The dependent claims 2 to 7 correspond to the original claims 18 to 23. The description has been adapted to the newly filed claims.

Therefore the present documents meet the requirements of Article 123(2) EPC.

3. Clarity

The board does not agree to the findings of the examining division according to which the average depth of the valleys was not clearly defined, since neither the definition of the valleys was clear, nor the definition of the plane used for the measurement of the depth of the valleys. In the light of Figure 28 and its description it is obvious for the skilled person that the term "valleys" (354) defines the deepest valleys in the surface and not the subvalleys at the slope of these valleys. Furthermore it is also obvious that the term "plane defined by the top of the peaks" defines that plane which is defined by the highest peaks. These definitions of the valleys and the plane are in line with the definition of the valleys and the base profile which were normally used for the determination of the peak-to-valley height (or roughness) of a surface (see for example DIN 4760).

Therefore, claim 1 gives an unequivocal teaching to the skilled person, and meets the requirements of Article 84 EPC.

4. Inventive step

4.1 D1, which is considered to represent the closest state of the art, discloses a component for an instrument for determining the female fertile period by measuring the viscoelasticity of saliva, said component comprising a stratum composed of a rigid material, a surface of said stratum having a random distribution of peaks and valleys (roughness, see claim 5).

4.2 Starting from D1, the object underlying the patent application in suit may be regarded as to provide a sufficiently small surface for the saliva sample (in order to ease the operations by keeping small the dimensions of the instrument), but still such that the adhesion of the saliva to the surface is higher than its cohesion (i.e. the saliva sample separates under traction before separating from the support surface) (see description, page 3, line 15, to page 4, line 13).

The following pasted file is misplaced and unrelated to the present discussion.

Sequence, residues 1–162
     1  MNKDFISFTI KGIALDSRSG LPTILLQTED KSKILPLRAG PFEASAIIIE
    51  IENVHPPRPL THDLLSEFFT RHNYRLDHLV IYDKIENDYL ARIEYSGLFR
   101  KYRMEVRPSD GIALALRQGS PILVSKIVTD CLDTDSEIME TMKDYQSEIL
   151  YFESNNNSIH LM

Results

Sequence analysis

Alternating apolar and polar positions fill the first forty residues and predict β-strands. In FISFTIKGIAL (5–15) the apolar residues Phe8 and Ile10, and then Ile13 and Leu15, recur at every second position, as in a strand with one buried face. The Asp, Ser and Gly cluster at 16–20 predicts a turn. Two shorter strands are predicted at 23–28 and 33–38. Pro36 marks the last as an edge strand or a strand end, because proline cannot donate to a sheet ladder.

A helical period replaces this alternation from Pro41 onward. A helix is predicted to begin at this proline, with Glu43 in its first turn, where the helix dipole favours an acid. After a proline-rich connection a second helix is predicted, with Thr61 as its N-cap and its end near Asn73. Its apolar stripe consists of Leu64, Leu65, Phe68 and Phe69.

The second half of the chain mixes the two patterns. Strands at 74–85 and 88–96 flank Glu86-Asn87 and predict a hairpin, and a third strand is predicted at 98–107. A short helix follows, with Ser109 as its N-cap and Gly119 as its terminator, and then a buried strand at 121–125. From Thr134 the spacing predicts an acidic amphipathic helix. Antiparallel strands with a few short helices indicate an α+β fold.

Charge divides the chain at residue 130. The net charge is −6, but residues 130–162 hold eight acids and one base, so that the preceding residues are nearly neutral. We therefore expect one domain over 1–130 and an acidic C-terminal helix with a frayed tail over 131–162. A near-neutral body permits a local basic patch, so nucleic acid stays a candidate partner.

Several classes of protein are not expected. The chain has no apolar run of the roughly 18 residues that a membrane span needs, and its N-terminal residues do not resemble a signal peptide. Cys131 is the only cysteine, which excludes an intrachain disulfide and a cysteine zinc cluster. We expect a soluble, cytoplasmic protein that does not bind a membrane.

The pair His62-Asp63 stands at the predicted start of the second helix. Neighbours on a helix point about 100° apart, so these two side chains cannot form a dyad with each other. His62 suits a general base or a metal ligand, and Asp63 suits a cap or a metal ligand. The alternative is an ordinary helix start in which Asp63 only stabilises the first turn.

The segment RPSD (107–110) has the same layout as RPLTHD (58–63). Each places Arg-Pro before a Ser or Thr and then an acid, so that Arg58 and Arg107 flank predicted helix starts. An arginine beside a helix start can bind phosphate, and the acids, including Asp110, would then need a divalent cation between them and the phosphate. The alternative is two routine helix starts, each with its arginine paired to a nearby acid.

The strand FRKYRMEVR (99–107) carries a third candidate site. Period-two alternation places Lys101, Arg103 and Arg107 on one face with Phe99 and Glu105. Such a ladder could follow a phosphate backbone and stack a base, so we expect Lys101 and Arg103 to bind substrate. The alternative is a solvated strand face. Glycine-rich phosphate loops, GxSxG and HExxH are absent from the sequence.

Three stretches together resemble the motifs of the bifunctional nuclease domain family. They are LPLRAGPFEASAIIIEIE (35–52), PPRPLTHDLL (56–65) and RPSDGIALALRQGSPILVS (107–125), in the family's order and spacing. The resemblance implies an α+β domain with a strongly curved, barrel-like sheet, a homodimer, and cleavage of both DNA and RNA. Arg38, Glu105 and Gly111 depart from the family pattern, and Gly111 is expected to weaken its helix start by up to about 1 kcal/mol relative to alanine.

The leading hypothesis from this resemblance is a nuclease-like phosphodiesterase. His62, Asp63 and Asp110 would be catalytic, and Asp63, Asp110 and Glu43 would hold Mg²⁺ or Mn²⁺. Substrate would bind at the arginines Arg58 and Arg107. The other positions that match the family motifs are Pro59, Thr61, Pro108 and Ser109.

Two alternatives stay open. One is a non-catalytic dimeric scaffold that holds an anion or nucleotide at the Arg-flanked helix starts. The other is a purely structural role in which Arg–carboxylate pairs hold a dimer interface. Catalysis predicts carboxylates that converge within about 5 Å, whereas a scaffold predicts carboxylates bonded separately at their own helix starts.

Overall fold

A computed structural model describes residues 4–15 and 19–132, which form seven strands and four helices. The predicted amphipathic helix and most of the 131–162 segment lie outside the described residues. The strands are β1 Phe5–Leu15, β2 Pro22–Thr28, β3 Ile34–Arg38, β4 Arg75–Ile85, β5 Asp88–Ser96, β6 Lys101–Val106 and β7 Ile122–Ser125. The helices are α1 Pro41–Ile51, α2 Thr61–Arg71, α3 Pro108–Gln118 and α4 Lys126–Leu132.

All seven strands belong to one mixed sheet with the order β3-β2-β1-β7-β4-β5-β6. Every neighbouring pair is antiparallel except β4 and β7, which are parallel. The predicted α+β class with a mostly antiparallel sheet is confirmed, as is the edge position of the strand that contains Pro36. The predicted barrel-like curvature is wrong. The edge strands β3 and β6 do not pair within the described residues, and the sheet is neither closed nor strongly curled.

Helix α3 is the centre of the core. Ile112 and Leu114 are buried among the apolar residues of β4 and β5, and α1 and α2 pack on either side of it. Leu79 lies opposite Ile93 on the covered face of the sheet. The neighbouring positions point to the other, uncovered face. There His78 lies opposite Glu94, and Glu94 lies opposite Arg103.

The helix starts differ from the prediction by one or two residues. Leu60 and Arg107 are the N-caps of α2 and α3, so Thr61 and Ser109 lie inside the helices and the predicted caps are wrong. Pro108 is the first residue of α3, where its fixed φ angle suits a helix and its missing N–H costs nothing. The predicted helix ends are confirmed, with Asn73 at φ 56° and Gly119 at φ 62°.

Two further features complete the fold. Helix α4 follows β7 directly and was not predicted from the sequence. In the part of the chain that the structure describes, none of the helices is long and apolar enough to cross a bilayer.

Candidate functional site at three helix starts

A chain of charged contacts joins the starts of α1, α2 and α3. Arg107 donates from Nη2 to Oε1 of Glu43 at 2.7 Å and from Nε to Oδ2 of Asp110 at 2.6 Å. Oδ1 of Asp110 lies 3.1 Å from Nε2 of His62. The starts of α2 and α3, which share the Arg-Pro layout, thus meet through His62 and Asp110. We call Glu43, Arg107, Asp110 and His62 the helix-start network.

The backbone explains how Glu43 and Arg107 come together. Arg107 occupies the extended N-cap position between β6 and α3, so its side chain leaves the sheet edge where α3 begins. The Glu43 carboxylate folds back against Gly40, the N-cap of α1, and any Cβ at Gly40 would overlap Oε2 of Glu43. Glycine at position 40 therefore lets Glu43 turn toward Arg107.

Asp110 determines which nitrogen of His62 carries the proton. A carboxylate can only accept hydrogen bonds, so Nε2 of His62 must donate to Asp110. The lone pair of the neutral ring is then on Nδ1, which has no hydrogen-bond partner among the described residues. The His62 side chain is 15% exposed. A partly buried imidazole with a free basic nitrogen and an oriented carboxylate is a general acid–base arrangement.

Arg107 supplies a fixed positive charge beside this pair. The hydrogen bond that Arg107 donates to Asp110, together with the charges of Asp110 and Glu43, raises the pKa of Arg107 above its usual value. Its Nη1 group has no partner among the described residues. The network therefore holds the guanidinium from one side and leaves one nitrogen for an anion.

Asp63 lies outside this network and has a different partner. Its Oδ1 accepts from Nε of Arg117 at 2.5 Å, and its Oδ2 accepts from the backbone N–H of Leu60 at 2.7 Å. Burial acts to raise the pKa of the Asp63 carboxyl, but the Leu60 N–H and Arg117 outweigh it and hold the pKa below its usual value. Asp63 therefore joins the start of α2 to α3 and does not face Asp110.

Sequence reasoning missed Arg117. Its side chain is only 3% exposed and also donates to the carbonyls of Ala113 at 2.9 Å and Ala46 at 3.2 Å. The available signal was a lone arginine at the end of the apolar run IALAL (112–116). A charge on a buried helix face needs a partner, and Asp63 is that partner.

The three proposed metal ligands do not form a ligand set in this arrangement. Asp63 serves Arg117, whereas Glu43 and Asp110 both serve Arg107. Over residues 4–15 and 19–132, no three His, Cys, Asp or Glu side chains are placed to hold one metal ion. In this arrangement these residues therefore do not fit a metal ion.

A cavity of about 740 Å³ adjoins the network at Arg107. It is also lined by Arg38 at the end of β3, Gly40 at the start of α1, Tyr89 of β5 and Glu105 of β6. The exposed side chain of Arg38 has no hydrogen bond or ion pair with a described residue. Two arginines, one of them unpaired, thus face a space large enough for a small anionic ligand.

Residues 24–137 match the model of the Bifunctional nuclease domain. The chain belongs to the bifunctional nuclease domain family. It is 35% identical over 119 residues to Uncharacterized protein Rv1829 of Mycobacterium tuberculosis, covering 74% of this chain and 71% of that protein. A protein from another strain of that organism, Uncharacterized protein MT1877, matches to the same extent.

4.3 This object is achieved by the provision of a stratum surface, wherein the average depth of the valleys as measured from the plane defined by the top of the peaks is in the range of 10 picometers to 100 micrometers and the total area of the walls of said valleys below one half of said average depth being from 35% to 65% of the total area of said stratum surface.

4.4 The provision of such a surface is not suggested by the available state of the art. D1 discloses a roughness of the surface in the order of 10 to 20 thousandths of an inch corresponding to 250 to 500 micrometers (see column 3, lines 12 to 27). With respect to these values it is obvious that the average depth of the valleys according to claim 1 of the application is clearly below the corresponding depth of the valleys described in D1, and that the stratum surface defined in claim 1 is neither known from nor suggested by D1.

The further documents of the available state of the art do not disclose the claimed range of values either.

4.5 Accordingly, the subject-matter of claim 1 involves an inventive step.

ORDER

For these reasons it is decided that:

1. The decision under appeal is set aside.

2. The case is remitted to the first instance with the order to grant a patent on the basis of the following version:

Claims:

1 to 7 filed with letter of 2 February 2005,

Description:

pages 1, 2, 8 to 22, 24 to 26 as originally filed,

pages 3, 6 filed with letter of 12 March 2002,

pages 4, 5 filed with letter of 2 February 2005,

pages 7, 23 filed with letter of 15 November 2004,

Drawings:

Figures 1 to 28 as originally filed.